Wilhelm von Homburg

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Born Norbert Grupe; August 25, 1940 in the German capital Berlin.

In Ghostbusters, he was Vigo von Homborg Deutschendorf. A prince in Carpathia near the Eastern European countries of Hungary and Romania. He was a cruel and horrible man. He was very spiritual and contacted spirits or ghosts all over the world. He was know as Vigo the horrible, Vigo the Cruel, Vigo the Deceiver., Vigo the Despised, and Vigo the Unholy.

Hated by everone around him he ruled as king for ages. Born in AD1505 He lived for 105 years until 1610 when he was poisoned, shot, hung, stretched, disemboweled, drawn, and quartered. His last words were "Death is but a door, time is but a window . . . I'll be back!"

He had plans of coming back to life when the Ghostbusters ruined his plan and sent him to "Hell" basically, but when the painting turned into the Lenoardo painting of the Ghostbuster came to be, Vigo was transfered to the afterlife where everyone else is.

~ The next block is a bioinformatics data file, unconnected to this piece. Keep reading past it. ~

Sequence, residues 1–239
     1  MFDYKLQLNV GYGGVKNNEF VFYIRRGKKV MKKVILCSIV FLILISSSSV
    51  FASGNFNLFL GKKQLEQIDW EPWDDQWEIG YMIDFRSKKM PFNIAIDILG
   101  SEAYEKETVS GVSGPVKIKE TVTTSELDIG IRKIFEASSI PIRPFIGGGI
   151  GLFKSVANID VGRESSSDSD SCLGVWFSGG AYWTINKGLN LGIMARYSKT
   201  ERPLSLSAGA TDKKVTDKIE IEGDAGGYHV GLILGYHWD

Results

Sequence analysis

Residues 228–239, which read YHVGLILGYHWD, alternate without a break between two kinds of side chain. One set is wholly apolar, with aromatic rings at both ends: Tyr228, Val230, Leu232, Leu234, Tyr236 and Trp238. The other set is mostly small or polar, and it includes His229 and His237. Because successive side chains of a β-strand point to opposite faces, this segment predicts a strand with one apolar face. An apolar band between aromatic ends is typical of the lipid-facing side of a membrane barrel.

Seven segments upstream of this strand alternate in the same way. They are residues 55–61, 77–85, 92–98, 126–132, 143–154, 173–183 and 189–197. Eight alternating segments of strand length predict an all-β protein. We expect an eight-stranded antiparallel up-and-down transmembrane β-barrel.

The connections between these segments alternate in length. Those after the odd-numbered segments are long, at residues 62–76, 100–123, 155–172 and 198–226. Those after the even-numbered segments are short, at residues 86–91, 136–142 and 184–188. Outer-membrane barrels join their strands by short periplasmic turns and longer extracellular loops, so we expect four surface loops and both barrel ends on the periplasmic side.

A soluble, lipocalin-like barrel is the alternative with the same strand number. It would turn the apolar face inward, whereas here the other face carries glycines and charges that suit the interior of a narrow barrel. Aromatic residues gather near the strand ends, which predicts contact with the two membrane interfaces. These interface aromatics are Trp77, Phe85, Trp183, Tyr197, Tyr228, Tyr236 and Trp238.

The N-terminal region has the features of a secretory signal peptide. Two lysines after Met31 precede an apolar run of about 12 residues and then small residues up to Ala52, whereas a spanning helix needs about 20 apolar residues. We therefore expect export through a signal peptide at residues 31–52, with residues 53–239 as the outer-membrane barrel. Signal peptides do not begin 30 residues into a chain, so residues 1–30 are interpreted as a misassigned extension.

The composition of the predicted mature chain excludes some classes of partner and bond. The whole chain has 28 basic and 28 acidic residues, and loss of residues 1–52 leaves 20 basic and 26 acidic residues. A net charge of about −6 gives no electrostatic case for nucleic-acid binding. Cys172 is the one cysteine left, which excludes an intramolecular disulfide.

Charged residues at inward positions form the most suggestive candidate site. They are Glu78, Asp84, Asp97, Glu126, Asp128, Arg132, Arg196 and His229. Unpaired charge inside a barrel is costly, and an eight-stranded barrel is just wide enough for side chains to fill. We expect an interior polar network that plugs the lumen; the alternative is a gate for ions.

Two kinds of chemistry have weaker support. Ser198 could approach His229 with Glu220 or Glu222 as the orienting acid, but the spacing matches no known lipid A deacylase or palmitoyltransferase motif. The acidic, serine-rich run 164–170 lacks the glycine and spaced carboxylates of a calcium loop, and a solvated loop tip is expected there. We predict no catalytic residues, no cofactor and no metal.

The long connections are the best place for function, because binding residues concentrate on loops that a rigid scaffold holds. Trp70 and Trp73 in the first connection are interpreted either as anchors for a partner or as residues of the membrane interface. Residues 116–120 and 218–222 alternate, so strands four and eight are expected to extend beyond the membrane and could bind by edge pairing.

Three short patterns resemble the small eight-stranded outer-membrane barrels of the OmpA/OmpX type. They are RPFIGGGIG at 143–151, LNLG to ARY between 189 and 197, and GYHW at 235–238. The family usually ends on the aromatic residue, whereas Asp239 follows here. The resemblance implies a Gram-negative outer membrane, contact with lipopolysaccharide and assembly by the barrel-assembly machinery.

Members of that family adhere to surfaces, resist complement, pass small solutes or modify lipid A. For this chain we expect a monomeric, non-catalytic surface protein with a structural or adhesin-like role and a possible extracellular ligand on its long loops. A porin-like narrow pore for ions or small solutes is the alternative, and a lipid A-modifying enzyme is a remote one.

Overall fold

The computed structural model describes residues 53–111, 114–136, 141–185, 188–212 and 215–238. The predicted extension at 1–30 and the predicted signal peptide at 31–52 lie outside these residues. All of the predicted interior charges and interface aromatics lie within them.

His last dying words will hold true bacause he plans to strike back not in 1990 like planned, but for the new century and the next 1000 years and forever.


Growing up in West Germany, Wilhelm became a wrestler and a boxer, before starting his movie career in 1965. He led a very public lifestyle and was known for smoking even during his boxing matches which was a strong influence to German youth to imitate his acts.

Homburg was a rebellious person, and was constantly followed by papparazzi, who documented his life hanging out with drug dealers, pimps, and a local Hells Angels chapter. Homburg was accused of a number of crimes, such as extortion, pimping and drug dealing. He spent five years in jail, and later moved to Los Angeles, California permanently.

In his later years Homburg lived in Los Angeles and reportedly toured the surrounding area with his dog in an old VW camper van. On 10 March, 2004, after a brief stay with retired boxer Buddy Turman in Longview, Texas, a destitute Homburg died in Puerto Vallarta, Mexico, of cancer, only a few years after German moviemaker Gerd Kroske produced a prize winning documentary on Homburg's life called The Boxing Prince (Der Boxprinz) which was released in 2002.